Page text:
“What!” said Miss Tredgold.

“I beg your pardon again, ma’am, but my head aches and I’m a bit confused. I’m reading a most wonderful account of the wedding of the Dook of Mauleverer-Wolverhampton.”

“I never heard of him.”

“He’s marrying a young girl quite in my own station of life—one that was riz from the cottage to the governess-ship, and from the governess-ship to the ducal chair. My head is full of Her Grace, ma’am, and you’ll excuse me if I didn’t rightly know to whom I had the honor of talking. I’ll do what I can. And perhaps you’d like to borrow one of my dip candles for the present night.”

“I should very much,” said Miss Tredgold. “And please understand, Betty—I think you said your name was Betty—please understand that if you are on my side I shall be on your side. I have come here meaning to stay, and in future 28 there will be a complete change in this establishment. You will receive good wages, paid on the day they are due. There will be plenty of money and plenty of food in the house, and the cook who pleases me stays, and the cook who displeases me goes. You understand?”

“Sakes!” muttered Betty, “it’s nearly as exciting as the doocal romance.—Well, ma’am, I’m of your way of thinking; and here’s your candle.”



Miss Tredgold was the sort of woman who never let the grass grow under her feet. She felt, therefore, altogether out of place at The Dales, for at The Dales there was time for everything. “Time enough” was the motto of the establishment: time enough for breakfast, time enough for dinner, time enough for supper, time enough for bed, time enough for getting up, time enough for mending torn garments; surely, above all things, time enough for learning. To judge by the manner in which the family at The Dales went on, life was to last for ever and a day. They never hurried; they put things off when it pleased them; they stopped in the middle of one pursuit and turned to something else when the fancy took them; they were unruffled by the worries of life; they were, on the whole, gay, daring, indifferent. There was no money—or very little—for the future of these girls; they were absolutely uneducated; they were all but unclothed, and their food was poor and often insufficient. Nevertheless they were fairly happy. “Let well alone” was also their motto. “Never may care” was another. As to the rush and toil and strain of modern life, they could not even comprehend it. The idea of not being able to put off an engagement for a week, a month, or a year seemed to them too extraordinary to be believed. They were too young, too healthy, too happy to need to kill time; for time presented itself to them with an agreeable face, and the hours were never too long.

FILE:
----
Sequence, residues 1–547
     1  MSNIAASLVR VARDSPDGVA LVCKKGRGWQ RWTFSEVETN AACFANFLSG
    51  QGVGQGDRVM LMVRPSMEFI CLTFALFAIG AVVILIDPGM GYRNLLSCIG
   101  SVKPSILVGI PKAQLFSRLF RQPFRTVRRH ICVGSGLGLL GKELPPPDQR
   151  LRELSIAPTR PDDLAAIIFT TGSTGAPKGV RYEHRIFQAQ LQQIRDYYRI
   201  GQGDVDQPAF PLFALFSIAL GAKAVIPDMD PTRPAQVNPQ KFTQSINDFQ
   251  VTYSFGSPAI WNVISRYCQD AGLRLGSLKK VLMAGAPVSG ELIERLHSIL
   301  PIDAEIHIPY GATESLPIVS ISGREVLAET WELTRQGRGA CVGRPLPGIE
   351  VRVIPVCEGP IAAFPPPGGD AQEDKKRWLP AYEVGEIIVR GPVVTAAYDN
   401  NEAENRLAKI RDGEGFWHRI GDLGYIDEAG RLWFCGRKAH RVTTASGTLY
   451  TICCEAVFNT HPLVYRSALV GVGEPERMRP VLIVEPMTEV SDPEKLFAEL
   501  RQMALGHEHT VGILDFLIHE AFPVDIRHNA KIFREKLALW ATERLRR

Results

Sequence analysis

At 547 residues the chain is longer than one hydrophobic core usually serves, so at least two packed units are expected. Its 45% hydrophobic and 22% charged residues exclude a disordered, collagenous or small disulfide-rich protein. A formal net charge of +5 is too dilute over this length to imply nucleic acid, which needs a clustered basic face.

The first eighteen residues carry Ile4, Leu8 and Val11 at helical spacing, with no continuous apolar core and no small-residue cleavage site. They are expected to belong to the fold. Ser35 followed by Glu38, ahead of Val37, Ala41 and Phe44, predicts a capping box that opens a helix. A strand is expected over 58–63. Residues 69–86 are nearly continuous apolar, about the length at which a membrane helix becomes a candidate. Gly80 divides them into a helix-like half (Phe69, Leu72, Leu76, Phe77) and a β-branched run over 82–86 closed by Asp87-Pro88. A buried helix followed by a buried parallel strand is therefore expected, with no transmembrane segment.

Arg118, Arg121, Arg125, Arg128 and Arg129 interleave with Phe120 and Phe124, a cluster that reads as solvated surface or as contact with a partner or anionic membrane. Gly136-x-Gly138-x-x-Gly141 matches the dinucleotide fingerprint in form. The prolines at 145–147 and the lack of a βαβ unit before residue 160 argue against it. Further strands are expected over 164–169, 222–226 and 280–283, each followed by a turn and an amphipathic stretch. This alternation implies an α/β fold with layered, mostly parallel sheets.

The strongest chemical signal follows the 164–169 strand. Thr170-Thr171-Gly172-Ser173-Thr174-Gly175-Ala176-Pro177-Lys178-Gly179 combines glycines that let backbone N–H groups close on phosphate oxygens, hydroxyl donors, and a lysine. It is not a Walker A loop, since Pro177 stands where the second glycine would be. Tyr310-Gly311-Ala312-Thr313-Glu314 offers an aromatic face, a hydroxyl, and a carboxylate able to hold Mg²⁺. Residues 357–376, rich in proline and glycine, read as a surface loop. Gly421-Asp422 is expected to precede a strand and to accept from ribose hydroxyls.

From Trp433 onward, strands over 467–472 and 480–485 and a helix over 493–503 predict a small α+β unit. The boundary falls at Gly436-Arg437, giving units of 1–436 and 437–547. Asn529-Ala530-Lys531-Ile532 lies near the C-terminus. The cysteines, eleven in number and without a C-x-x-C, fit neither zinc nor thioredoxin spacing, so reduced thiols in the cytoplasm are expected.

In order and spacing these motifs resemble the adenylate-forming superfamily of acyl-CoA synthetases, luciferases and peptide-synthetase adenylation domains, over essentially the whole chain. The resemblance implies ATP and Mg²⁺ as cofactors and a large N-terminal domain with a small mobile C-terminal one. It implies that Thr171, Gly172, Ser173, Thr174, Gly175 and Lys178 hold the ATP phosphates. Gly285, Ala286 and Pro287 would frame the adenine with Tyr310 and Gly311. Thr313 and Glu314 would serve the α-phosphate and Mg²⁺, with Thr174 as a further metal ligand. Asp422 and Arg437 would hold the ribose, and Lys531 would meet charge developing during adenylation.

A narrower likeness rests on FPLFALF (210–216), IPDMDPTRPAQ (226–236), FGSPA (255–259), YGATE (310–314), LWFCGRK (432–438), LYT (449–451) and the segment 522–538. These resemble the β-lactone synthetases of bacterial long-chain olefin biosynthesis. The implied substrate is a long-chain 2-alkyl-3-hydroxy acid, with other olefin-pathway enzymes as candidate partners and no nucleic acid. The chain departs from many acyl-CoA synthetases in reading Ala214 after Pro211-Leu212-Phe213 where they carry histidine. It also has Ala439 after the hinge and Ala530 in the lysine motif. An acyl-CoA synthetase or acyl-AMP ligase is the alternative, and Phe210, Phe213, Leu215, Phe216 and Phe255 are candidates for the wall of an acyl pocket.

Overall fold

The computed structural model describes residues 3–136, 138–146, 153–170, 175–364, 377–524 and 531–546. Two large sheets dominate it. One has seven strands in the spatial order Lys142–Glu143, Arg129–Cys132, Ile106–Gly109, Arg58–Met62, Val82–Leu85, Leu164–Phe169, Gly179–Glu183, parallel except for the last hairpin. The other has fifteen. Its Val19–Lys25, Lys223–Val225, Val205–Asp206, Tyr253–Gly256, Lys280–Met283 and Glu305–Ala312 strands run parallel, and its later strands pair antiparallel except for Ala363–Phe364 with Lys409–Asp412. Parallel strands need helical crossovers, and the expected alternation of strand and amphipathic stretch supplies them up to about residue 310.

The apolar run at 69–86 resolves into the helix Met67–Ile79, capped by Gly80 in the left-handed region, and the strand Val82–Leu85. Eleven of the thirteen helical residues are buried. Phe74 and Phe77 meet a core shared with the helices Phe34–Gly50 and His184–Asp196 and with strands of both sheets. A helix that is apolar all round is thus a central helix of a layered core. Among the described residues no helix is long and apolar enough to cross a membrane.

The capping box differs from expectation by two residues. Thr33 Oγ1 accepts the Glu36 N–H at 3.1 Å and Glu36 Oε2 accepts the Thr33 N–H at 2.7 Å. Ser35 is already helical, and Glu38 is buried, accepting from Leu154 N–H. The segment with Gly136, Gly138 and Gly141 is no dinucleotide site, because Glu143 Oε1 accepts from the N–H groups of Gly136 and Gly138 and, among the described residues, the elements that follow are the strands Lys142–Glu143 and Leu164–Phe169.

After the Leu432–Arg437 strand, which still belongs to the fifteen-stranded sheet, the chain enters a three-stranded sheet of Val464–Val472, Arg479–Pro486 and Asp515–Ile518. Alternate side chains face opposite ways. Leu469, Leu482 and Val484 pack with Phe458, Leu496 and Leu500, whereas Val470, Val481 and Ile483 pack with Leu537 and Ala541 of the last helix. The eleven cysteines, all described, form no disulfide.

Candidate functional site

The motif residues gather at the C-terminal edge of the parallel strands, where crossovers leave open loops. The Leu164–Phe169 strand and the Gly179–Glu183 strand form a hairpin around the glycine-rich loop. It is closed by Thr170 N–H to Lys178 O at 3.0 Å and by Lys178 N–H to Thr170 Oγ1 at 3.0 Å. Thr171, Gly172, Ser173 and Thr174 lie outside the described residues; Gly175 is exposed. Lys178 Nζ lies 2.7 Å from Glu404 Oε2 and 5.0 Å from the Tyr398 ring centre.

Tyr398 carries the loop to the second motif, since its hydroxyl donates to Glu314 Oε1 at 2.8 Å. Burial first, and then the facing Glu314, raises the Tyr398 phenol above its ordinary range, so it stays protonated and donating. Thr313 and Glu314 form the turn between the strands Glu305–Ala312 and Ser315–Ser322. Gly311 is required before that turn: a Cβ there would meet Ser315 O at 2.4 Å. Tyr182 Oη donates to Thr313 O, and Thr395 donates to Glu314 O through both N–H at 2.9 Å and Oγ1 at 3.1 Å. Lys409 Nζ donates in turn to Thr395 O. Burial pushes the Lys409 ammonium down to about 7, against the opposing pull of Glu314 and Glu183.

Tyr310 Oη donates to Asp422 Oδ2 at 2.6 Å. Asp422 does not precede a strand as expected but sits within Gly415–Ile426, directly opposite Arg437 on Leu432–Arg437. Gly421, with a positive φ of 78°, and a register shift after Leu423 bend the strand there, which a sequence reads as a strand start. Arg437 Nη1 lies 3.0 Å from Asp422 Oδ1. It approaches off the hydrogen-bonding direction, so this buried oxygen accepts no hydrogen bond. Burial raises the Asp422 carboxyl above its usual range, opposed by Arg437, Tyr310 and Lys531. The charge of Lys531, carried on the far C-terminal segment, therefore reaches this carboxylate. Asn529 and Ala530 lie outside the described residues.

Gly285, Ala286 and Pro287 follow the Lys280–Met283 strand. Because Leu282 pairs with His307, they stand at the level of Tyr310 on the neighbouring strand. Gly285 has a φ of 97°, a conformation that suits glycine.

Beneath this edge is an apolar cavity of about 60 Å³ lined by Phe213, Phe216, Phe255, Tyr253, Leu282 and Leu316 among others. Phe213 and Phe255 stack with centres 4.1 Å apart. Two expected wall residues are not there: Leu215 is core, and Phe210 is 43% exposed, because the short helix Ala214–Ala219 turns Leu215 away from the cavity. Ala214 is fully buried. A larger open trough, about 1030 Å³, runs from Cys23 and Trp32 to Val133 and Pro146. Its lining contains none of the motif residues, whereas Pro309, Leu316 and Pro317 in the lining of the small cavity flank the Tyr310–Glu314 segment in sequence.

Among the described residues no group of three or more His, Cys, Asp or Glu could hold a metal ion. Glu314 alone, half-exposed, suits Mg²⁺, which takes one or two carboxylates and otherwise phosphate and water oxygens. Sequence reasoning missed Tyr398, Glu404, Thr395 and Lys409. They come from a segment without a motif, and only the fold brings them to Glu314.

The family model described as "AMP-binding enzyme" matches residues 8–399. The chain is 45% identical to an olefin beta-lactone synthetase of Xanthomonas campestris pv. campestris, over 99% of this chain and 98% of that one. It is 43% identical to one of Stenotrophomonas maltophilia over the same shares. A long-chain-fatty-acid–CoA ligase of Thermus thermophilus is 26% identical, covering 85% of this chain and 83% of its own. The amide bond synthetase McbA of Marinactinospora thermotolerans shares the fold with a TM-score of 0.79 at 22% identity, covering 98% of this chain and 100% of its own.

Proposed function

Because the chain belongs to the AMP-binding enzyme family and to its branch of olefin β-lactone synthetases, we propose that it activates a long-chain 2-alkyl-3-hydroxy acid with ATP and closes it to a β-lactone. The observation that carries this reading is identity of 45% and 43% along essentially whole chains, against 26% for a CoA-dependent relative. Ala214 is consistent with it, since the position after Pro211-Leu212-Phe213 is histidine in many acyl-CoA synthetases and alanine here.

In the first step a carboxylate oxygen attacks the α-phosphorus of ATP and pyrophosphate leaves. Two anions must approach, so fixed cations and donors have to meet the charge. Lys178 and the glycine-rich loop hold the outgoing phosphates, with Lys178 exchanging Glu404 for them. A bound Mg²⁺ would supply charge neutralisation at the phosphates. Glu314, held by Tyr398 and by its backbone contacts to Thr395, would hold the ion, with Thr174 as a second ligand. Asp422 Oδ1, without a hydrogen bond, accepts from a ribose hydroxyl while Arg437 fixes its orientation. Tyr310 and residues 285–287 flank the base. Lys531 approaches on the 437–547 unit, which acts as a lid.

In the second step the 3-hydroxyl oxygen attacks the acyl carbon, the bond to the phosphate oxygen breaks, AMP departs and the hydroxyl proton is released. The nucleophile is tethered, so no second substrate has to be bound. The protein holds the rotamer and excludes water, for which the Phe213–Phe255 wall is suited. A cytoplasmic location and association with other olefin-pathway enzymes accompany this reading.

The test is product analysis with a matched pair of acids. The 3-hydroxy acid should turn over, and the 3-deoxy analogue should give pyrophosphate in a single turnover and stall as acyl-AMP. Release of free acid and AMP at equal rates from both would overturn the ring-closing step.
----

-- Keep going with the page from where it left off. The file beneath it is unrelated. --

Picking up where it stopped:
But although they were so indifferent to weighty matters, they had their own enthusiasms, and in their idle way they were busy always and forever. To have, therefore, a person like Aunt Sophia put suddenly into the middle of their gay and butterfly lives was something which was enough to madden the eight healthy girls who lived at The Dales. Aunt Sophia was, in their opinion, all crotchets, all nervousness, all fads. She had no tact whatsoever; at least, such was their first opinion of her. She put her foot down 29 on this little crotchet, and pressed this passing desire out of sight. She brought new rules of life into their everyday existence, and, what is more, she insisted on being obeyed. With all their cleverness they were not half so clever as Aunt Sophia; they were no match for this good lady, who was still young at heart, who had been highly educated, who was full of enthusiasm, full of method, and full of determination. Aunt Sophia brought two very strong essentials with her to The Dales, and there was certainly little chance of the girls getting the victory over her. One thing which she brought was determination, joined to authority; the other thing was money. With these two weapons in her hand, what chance had the girls?

It might have been supposed that Miss Tredgold had done enough on the first night of her arrival. She had to a great extent vanquished the cook; and she had, further, told Verena and Pauline what lay before them. Surely she might have been contented, and have taken her dip candle in its tin candlestick and retired to her own room. But that was not Aunt Sophia’s way. She discovered a light stealing from under another door, and she made for that door.